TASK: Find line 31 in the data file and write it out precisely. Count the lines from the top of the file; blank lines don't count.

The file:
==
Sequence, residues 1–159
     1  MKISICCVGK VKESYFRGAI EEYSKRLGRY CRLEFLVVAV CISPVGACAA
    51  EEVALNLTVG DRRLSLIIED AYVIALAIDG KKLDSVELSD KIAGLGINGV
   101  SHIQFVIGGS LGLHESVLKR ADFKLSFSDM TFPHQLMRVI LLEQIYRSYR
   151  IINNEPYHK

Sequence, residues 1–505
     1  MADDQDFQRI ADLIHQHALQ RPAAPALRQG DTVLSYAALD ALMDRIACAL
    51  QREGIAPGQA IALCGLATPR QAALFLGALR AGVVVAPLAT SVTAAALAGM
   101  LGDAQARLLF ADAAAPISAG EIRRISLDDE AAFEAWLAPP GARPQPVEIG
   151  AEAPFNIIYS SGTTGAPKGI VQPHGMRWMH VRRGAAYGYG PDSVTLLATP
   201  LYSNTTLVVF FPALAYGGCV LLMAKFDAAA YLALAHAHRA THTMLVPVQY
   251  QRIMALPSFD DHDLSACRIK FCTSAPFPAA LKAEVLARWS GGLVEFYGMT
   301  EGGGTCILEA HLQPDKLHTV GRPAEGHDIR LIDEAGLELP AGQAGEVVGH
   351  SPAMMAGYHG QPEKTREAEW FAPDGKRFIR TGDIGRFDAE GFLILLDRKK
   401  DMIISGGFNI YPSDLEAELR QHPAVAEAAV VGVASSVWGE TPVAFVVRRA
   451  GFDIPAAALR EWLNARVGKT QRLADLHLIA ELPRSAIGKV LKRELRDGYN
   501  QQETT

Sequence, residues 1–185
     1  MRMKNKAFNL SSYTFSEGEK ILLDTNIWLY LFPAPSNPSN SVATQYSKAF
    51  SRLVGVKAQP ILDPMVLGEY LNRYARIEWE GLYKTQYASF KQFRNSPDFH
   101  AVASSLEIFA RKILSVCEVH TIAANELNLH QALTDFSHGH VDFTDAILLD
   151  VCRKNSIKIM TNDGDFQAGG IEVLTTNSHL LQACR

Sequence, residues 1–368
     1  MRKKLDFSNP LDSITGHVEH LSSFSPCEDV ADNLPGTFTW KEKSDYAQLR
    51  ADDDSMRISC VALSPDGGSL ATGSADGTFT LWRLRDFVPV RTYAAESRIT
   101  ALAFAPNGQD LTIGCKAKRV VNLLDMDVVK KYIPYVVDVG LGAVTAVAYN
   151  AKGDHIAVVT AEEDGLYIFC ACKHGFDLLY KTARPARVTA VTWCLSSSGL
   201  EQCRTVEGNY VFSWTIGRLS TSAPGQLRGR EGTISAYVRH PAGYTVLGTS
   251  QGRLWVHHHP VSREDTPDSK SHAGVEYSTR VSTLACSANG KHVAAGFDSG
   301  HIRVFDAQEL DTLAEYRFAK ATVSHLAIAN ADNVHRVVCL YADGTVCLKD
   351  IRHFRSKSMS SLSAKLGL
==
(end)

   351  IRHFRSKSMS SLSAKLGL